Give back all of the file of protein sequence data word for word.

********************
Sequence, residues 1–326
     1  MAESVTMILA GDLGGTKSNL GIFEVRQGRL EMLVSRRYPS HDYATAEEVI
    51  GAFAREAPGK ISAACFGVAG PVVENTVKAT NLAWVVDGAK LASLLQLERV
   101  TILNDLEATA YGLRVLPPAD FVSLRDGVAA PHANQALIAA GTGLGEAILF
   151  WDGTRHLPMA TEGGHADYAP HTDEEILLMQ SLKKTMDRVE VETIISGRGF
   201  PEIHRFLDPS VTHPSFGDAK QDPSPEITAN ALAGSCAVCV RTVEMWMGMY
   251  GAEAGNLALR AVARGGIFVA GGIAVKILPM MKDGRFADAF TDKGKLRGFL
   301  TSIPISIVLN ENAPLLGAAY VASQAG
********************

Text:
Sequence, residues 1–326
     1  MAESVTMILA GDLGGTKSNL GIFEVRQGRL EMLVSRRYPS HDYATAEEVI
    51  GAFAREAPGK ISAACFGVAG PVVENTVKAT NLAWVVDGAK LASLLQLERV
   101  TILNDLEATA YGLRVLPPAD FVSLRDGVAA PHANQALIAA GTGLGEAILF
   151  WDGTRHLPMA TEGGHADYAP HTDEEILLMQ SLKKTMDRVE VETIISGRGF
   201  PEIHRFLDPS VTHPSFGDAK QDPSPEITAN ALAGSCAVCV RTVEMWMGMY
   251  GAEAGNLALR AVARGGIFVA GGIAVKILPM MKDGRFADAF TDKGKLRGFL
   301  TSIPISIVLN ENAPLLGAAY VASQAG